the article says that Amazon is nimble when it comes to distribution.... I'm not convinced. Right now they are shipping small packages via UPS/USPS. When I order my Whole Foods delivery it's delivered in passenger vehicle by a newly immigrated person for an $8 tip. I love it! but it's a far cry from 100 piece 1500 pound temp controlled food service order. 

I think they would have the same troubles broad-liners face.. lack of drivers, lack of quality 3rd shifters, government regs

I think the &$#% is about to hit the fan concerning Amazon's growth. Google "amazon strikes". 

Also I feel like Amazon wouldn't even want half my customers! LOL

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broadliner

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Reply with quote  #7 
How would they handle shorts and outs and mispicks? Will your company get the order or will Amazon also send it the local Sysco or USF branch?

Quote:
Originally Posted by northernms

the article says that Amazon is nimble when it comes to distribution.... I'm not convinced. Right now they are shipping small packages via UPS/USPS. When I order my Whole Foods delivery it's delivered in passenger vehicle by a newly immigrated person for an $8 tip. I love it! but it's a far cry from 100 piece 1500 pound temp controlled food service order.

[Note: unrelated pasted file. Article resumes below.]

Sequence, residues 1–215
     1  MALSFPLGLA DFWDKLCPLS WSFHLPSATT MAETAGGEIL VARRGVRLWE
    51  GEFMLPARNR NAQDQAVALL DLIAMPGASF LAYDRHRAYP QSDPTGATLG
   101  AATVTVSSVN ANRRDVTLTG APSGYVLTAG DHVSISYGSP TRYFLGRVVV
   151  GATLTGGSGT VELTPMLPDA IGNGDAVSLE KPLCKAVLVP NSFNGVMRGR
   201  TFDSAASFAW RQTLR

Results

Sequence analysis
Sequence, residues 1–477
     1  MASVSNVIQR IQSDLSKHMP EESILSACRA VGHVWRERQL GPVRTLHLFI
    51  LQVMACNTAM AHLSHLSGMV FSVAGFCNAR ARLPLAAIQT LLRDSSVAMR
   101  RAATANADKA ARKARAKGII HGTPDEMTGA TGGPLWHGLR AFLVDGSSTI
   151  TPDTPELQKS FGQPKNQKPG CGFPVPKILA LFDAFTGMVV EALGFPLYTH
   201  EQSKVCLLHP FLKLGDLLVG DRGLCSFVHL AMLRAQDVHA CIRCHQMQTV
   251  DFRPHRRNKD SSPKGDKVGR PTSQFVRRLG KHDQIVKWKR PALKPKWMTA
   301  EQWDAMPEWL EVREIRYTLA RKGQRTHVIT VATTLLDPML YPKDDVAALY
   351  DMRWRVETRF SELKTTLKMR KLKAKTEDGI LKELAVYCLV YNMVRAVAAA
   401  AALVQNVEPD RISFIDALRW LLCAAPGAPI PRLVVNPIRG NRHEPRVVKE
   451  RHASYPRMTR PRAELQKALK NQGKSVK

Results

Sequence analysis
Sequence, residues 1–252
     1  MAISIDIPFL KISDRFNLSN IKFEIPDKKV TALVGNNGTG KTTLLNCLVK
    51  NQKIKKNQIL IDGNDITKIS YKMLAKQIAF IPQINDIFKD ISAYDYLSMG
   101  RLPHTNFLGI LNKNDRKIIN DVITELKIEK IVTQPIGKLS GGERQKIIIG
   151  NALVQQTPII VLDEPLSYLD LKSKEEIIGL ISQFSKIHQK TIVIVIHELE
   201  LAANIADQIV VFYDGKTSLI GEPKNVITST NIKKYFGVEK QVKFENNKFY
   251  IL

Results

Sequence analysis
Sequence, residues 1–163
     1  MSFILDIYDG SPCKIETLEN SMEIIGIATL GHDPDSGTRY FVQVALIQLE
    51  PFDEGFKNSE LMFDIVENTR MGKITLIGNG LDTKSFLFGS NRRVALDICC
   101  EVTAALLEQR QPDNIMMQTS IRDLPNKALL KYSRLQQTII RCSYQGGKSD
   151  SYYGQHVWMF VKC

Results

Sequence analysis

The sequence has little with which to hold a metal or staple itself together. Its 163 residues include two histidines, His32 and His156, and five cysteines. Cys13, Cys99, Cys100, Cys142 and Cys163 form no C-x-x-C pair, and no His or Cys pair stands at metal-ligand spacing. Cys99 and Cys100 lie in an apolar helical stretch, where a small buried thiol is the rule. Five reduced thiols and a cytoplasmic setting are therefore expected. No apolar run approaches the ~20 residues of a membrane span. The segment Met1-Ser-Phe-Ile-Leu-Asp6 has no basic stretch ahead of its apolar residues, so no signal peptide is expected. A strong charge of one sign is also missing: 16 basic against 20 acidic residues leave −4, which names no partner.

I think they would have the same troubles broad-liners face.. lack of drivers, lack of quality 3rd shifters, government regs

I think the &$#% is about to hit the fan concerning Amazon's growth. Google "amazon strikes". 

Also I feel like Amazon wouldn't even want half my customers! LOL

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Southchikid

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Reply with quote  #8 
https://www.cbsnews.com/amp/news/amazon-prime-restaurants-to-shut-down-restaurant-food-delivery-service-in-u-s/

I don’t see amazon getting back into restaurants anytime soon. There are better profit areas they can concentrate on
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snoman

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Reply with quote  #9 
Amazons roll in the short term would be small wares/paper/etc competing w/a Restaurant Depot. Broadliner is on point w/the challenges they'd face.
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jcc123

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Reply with quote  #10 


  Amazon has been speaking to manufactures and brokers trying to find a way to do it. One of the biggest issue they needed help with was combining various temperature zones for food delivery. They are already moving into in-house delivery methods, for their products rather than UPS. It may it happen tomorrow but it will happen.